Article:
Missouri Earthquakes

When we think of earthquakes, we think of California, but the most powerful earthquakes America ever experienced occurred in Missouri between December 1811 and March 1812. The strongest, a fantastic 8.8-magnitude, happened on February 7th, 1812.

Photo by Shefali Lincoln

“Church bells rang in Boston, thousands of miles away, from the shaking. Brick walls were toppled in Cincinnati. In the Mississippi River, water turned brown and whirlpools developed suddenly from the depressions created in the riverbed. Waterfalls were created in an instant; in one report, 30 boats were helplessly thrown over falls, killing the people on board. Many of the small islands in the middle of the river, often used as bases by river pirates, permanently disappeared. Large lakes, such as Reelfoot Lake in Tennessee and Big Lake at the Arkansas-Missouri border, were created by the earthquake as river water poured into new depressions.”[1]

Over 1,000 people died (although an accurate count is impossible to record). Residents began living in tents so the debris of a collapsing building wouldn’t harm them. During the February 7th trembler, the Mississippi River ran backward for several hours due to a fluvial tsunami!

There is something very eerie about an earthquake. We have learned to count on the earth being under our feet. We rely on it to be there, but earthquakes cause the earth to betray us. Some people develop seismophobia, “the extreme, often irrational fear of earthquakes.”[2]

On the other hand, Paul and Silas were rescued, and the Philippian Jailer became a Christian following an earthquake (Acts 16). Earthquakes herald the majesty of God throughout the book of Revelation (Revelation 6:12; 8:5; 11:13, 19; 16:18).

I am a firm believer that challenges are opportunities. Yes, I duck for cover during an earthquake, but perhaps earthquakes teach us the only One we can truly rely on is the Lord God Almighty!

[1] https://www.history.com/this-day-in-history/earthquake-causes-fluvial-tsunami-in-mississippi

[2] https://www.fearof.net/fear-of-earthquakes-phobia-seismophobia/

Connecting the Dots

An opinion is different from a doctrine. Opinions are matters of personal interpretation, while doctrines demand obedience. Sadly, opinions are often elevated into doctrines that can be divisive when people demand everyone agrees with their interpretation.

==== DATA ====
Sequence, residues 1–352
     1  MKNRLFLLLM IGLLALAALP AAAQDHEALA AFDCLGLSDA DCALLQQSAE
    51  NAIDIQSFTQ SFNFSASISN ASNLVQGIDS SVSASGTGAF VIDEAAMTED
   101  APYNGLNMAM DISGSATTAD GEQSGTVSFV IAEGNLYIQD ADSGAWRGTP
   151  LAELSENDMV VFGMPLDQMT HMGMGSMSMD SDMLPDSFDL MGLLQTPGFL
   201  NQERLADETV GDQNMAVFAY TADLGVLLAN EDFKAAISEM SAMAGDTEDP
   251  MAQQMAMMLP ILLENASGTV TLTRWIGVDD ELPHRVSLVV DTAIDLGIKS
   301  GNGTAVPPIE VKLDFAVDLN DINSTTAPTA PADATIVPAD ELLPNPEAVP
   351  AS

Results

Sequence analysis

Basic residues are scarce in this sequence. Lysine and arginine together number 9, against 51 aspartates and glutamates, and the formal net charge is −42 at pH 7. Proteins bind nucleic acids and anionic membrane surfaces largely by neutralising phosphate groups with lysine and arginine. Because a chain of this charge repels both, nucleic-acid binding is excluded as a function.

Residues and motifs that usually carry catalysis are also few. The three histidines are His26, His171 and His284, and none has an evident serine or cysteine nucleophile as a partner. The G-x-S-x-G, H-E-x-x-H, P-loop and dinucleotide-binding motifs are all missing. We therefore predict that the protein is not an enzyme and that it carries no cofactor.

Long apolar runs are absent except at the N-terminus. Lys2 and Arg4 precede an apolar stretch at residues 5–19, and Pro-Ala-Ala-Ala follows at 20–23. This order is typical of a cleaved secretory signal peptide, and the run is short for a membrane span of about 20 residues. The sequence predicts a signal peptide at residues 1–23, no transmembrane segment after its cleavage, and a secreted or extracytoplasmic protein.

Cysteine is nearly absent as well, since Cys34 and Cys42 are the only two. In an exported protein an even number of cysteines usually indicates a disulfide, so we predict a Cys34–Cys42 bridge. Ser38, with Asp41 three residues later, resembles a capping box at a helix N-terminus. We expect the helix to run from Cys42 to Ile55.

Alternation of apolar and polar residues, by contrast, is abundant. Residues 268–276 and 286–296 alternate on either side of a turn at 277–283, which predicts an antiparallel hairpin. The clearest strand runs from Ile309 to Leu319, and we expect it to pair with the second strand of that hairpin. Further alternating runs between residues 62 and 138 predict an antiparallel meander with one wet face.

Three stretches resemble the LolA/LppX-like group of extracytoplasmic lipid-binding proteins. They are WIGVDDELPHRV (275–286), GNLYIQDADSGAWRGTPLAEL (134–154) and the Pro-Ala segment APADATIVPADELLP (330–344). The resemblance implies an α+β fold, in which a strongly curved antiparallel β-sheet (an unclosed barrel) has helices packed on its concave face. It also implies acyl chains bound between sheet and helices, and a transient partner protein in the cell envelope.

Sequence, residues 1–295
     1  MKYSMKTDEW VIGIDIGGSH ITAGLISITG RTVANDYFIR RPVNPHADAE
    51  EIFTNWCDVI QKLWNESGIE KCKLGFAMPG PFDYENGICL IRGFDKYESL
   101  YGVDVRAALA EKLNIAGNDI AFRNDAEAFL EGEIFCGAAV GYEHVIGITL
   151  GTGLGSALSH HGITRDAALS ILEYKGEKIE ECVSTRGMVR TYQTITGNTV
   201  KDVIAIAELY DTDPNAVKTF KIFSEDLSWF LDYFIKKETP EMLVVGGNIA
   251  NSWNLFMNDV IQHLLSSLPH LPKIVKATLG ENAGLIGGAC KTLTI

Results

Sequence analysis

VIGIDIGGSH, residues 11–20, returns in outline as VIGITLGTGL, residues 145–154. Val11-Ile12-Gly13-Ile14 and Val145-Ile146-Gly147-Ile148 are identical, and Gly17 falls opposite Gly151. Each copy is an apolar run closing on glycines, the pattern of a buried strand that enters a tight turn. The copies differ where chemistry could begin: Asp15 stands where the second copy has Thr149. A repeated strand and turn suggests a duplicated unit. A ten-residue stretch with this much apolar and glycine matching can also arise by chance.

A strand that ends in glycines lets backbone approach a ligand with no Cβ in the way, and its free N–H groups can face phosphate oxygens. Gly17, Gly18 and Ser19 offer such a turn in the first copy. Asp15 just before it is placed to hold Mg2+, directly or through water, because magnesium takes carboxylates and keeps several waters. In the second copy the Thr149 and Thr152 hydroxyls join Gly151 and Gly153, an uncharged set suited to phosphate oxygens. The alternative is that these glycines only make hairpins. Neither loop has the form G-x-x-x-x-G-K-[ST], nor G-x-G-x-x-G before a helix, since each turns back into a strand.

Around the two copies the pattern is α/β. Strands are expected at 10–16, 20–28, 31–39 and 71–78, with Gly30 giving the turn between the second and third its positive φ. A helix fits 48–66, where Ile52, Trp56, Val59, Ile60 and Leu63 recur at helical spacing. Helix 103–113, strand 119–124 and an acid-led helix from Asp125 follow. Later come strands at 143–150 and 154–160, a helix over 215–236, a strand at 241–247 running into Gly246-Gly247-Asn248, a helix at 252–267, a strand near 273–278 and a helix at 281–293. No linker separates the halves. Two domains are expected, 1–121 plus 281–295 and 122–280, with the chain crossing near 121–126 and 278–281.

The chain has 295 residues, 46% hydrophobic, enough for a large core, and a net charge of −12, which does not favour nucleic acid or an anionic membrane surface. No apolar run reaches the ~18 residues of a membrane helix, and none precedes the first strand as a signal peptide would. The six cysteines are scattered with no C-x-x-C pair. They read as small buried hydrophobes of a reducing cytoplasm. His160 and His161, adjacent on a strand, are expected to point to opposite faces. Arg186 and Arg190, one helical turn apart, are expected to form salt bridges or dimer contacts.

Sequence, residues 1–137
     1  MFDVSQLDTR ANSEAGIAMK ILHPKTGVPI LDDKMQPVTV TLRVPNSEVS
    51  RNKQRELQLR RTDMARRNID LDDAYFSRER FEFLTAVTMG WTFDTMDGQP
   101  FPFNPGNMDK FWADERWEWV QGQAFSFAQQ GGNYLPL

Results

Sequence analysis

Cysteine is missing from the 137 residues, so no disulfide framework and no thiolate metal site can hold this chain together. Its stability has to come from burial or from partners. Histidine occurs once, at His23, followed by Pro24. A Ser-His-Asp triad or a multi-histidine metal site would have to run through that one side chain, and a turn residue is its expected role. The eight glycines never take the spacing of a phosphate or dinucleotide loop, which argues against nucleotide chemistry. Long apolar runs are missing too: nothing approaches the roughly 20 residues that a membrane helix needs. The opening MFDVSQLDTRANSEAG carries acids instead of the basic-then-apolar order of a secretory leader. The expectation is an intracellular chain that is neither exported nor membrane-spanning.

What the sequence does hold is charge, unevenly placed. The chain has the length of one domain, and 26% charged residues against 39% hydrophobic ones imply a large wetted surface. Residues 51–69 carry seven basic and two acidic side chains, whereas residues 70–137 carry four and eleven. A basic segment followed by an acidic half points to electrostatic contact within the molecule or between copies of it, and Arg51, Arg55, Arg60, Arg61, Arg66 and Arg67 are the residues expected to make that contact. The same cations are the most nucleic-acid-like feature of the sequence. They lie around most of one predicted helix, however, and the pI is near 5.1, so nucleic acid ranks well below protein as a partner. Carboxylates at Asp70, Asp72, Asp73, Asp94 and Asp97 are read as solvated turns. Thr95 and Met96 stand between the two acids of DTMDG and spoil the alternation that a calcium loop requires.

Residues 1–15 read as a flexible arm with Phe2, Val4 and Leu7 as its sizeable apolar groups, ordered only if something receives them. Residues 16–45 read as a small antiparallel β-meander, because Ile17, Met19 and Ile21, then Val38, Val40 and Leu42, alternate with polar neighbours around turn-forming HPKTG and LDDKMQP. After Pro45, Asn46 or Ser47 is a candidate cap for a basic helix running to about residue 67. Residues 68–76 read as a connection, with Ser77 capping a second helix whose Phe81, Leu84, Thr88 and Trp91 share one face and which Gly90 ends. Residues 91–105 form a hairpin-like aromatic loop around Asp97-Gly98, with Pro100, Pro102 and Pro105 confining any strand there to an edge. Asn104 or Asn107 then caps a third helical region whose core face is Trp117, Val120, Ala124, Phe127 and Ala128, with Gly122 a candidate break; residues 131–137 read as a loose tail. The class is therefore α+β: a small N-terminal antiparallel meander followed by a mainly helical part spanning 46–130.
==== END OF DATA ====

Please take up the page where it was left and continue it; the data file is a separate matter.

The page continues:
Today, let’s think about another contributing factor that elevates matters of opinion to matters of doctrine: personalities. We all know Christians must treat others better than we treat ourselves (the Golden Rule). However, if someone is a false teacher or a heretic, some people believe we can boot them out of the church and say awful things about them. Thus, if you don’t want to be around Brother Different Opinion, just change his name to Brother Heretic – elevate a matter of opinion to a matter of doctrine.

How can you tell the difference between an opinion and something that is doctrinal? We don’t have time to go deeply into this issue but start with this example. Draw a point on a blank sheet of paper. Now ask someone to draw a straight line through that point. How do you know if that line is correct? You can’t. From one point, the line can go anywhere, north, south, east, or west! However, if you draw two points, there is only one line that will connect them. The more points you can establish, the more confident you are of the line. The same is true in Bible study. The interpretation of one point is an opinion. Two or more points can define a doctrine.

Here are two examples. The importance of baptism is without question. There are so many points of Scripture; the answer is sure: “Be baptized!” However, the “doctrine” that Jesus descended into hell and “preached to the spirits in prison who disobeyed long ago” is only based on 1 Peter 3:19. This “doctrine” became the basis for the “Harrowing of Hell” that “first appeared in fourth-century formulas and eventually was incorporated into the Apostles’, Athanasian, and Nicene Creeds.”[1] Where Jesus went and what he did while he was in the grave is uncertain at best. However, the benefits of his death though are widely celebrated, and we are on much firmer ground because so many different Scriptures discuss it.

It is much easier to make judgments than it is to be tolerant, but unity is what Jesus prayed for his disciples:

“I do not ask for these only, but also for those who will believe in me through their word, that they may all be one, just as you, Father, are in me, and I in you, that they also may be in us, so that the world may believe that you have sent me” (John 17:20 – 21).


 Be a Blessing,




 [1] Brueggemann, D. A. (2016). Descent into the Underworld, Critical Issues. In J. D. Barry, D. Bomar, D. R. Brown, R. Klippenstein, D. Mangum, C. Sinclair Wolcott, L. Wentz, E. Ritzema, & W. Widder (Eds.), The Lexham Bible Dictionary. Lexham Press.

photo by Nicole Michalou

I am looking for a new congregation to work with. In the process, I am almost always given a list of questions asking for my understanding of different issues. I know this is important for the sake of unity, and I don’t mind sharing my interpretations of the Scriptures. Still, some of the questions focus on matters that should be matters of opinion rather than doctrine. For example, one committee asked me, “What is your view on eating in the building?” I started to give them a smart Alec answer about how much I enjoy eating with anyone anywhere, but they were serious. They took two verses from 1 Corinthians 11: “Don’t you have homes to eat and drink in? Or do you despise the church of God and humiliate those who have nothing?” (v. 22), and “If anyone is hungry, he should eat at home, so that when you meet together, it may not result in judgment” (v. 34). From that, they created the Anti-kitchen doctrine. (If it was just an opinion, then you have a choice: to eat or not to eat. However, if this is a doctrine, then it becomes a matter of salvation: if you eat, you are disobeying the Lord!)